Re: [eclipse-clp-users] Constraints on list

From: Kish Shen <kisshen_at_...5...>
Date: Wed, 28 Jan 2015 03:06:36 +0000
Hi Shirang,

On 24/01/2015 01:06, Edgaonkar, Shrirang wrote:
> Dear Eclipse-clp users,
>
>
>
>    Following is my problem. I have searched through the forum archives for this solution but in vain. I have encountered dynamic structures but not list. I need to add constraints on List through indexed elements as below. The resultant List should be evaluated based on the constraints. In the eclipse samples diaz_pool.pl at_most_one is what i mean to create. Instead of at_most_one it will be at_most_N in my case. It is just a thought though. I have mentioned the desired output too.
>

I am not sure if I correctly understand what you are asking about -- you 
seem to be asking how you can access a list element via its 'index', 
i.e. its position in the list. This is a not a question about 
constraints, as your title suggest, but a question about how to program 
and use lists in Prolog.

The short answer is that ECLiPSe does not provide any concise syntax to 
allow an indexed access to the list elements. This is because accessing 
an element of a list requires traversing the list from the head until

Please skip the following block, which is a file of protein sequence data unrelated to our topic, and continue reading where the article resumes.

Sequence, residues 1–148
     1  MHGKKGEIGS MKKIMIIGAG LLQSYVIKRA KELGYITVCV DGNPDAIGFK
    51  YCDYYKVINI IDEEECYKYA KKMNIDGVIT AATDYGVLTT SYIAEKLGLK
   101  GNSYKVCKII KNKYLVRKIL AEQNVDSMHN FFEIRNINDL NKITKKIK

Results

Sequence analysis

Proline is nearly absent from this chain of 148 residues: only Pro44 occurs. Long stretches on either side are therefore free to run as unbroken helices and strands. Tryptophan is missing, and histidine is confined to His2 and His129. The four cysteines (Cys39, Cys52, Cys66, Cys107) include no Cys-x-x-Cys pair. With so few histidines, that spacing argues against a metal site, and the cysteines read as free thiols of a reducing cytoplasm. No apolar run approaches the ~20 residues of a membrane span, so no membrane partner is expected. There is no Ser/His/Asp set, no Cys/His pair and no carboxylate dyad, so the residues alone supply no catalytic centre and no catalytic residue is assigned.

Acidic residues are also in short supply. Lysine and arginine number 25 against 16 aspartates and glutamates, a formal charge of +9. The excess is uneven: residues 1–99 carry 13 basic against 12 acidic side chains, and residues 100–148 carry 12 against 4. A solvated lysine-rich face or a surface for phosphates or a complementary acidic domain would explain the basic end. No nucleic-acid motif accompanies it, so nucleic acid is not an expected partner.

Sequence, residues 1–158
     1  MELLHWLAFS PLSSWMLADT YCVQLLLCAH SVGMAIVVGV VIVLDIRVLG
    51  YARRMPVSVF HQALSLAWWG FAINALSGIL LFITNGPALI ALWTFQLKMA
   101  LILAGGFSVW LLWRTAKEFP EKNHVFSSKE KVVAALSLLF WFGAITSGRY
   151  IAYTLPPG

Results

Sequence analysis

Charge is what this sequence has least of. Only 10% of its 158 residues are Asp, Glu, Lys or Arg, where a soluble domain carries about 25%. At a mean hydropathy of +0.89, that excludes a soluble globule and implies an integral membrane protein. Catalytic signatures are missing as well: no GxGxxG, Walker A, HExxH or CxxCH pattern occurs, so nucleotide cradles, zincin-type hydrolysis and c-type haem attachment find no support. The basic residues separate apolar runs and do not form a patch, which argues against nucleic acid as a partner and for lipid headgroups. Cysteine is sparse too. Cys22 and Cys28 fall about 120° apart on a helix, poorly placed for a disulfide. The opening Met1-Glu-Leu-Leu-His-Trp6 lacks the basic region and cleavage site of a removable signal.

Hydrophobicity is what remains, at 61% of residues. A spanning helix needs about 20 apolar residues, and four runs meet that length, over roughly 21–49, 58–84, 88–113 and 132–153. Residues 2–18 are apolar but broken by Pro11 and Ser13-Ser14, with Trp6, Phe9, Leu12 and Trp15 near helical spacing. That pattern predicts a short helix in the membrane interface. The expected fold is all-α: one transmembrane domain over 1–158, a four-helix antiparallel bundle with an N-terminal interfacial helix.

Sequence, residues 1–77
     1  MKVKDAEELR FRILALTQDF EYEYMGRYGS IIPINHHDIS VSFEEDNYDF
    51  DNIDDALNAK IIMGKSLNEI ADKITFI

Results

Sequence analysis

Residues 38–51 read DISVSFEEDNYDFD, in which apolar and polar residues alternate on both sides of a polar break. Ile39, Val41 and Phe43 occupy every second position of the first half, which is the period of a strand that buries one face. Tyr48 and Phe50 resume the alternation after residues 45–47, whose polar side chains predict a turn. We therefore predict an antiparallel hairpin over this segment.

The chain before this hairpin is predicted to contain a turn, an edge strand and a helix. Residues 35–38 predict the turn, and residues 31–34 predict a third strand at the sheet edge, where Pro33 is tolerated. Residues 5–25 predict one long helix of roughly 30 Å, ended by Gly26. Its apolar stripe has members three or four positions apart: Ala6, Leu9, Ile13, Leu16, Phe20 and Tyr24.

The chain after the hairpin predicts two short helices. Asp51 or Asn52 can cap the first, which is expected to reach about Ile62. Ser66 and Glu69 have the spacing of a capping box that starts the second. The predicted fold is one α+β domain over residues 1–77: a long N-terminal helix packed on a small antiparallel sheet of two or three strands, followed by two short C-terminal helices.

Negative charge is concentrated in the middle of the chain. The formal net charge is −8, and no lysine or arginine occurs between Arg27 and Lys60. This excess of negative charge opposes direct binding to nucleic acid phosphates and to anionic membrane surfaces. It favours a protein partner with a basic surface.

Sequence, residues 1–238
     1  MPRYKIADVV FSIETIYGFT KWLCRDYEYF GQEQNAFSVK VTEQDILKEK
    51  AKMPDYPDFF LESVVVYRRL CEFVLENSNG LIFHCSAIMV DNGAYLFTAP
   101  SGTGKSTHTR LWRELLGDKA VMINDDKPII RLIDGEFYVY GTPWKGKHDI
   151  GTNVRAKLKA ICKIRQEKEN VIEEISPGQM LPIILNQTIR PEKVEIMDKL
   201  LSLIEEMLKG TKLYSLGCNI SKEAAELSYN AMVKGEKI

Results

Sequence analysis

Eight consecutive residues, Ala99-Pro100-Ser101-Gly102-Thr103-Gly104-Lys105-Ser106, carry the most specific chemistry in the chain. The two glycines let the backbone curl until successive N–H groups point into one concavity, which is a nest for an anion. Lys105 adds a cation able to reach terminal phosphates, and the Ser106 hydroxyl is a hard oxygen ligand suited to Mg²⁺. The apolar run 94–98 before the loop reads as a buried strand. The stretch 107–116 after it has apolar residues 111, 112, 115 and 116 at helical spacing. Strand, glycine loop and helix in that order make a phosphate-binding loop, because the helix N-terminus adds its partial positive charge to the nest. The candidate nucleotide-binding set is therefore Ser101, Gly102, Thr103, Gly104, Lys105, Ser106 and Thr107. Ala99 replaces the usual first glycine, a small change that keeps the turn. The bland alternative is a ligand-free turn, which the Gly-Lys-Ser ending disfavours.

you reach the element.

If you need to access elements with an index, then using a list is 
normally a bad idea. It sounds like you are unfamiliar with Prolog, as 
you say you have not encountered lists before. If this is the case, I 
strongly suggest that you learn Prolog first, so that you know how to 
use the data structures Prolog/ECLiPSe provide.

What is the reason you want to use a list? The example you show, in 
which the length of the list is known at run-time, you can use an array.

Lists are normally used when you don't know at run time how large the 
data would be. However, in the case of constraints, by the time you post 
the constraint, the number of elements in the list is known. If you need 
to access the individual elements via an index, you should convert the 
list to an array (e.g. using =../2), and you can access the array 
element using the syntax you show (A[1] etc.).

About constraints on lists -- it looks like you are talking about finite 
domain constraints here. Both ic and gfd provide finite domain 
constraints that works on collections (lists or arrays/matricies). You 
have not describe what you want your at_most_N constraint to do, but if 
you want to constrain the number of occurrences of values in the 
collection, both ic and gfd provide several constraints to do this -- 
e.g. atmost/3, occurrences/3, gcc/2 -- do these do what you want?

Cheers,

Kish


I

>
> :- lib(ic).
>
> solve(A,B) :-
>
>   B :: 1 .. 10,
>
>   length(A, B),
>
>   A[4] #= 1,
>
>    A[6] #= 2,
>
>   search([B],0,input_order,indomain_split,complete,[]).
>
>
>
>
>
>
>
> Output
>
> ?- solve(A, B).
> A = [_,_,_,_,1,_2]
> B = 6
> Yes (0.00s cpu, solution 1, maybe more)
>
>
>
Received on Wed Jan 28 2015 - 03:06:59 CET

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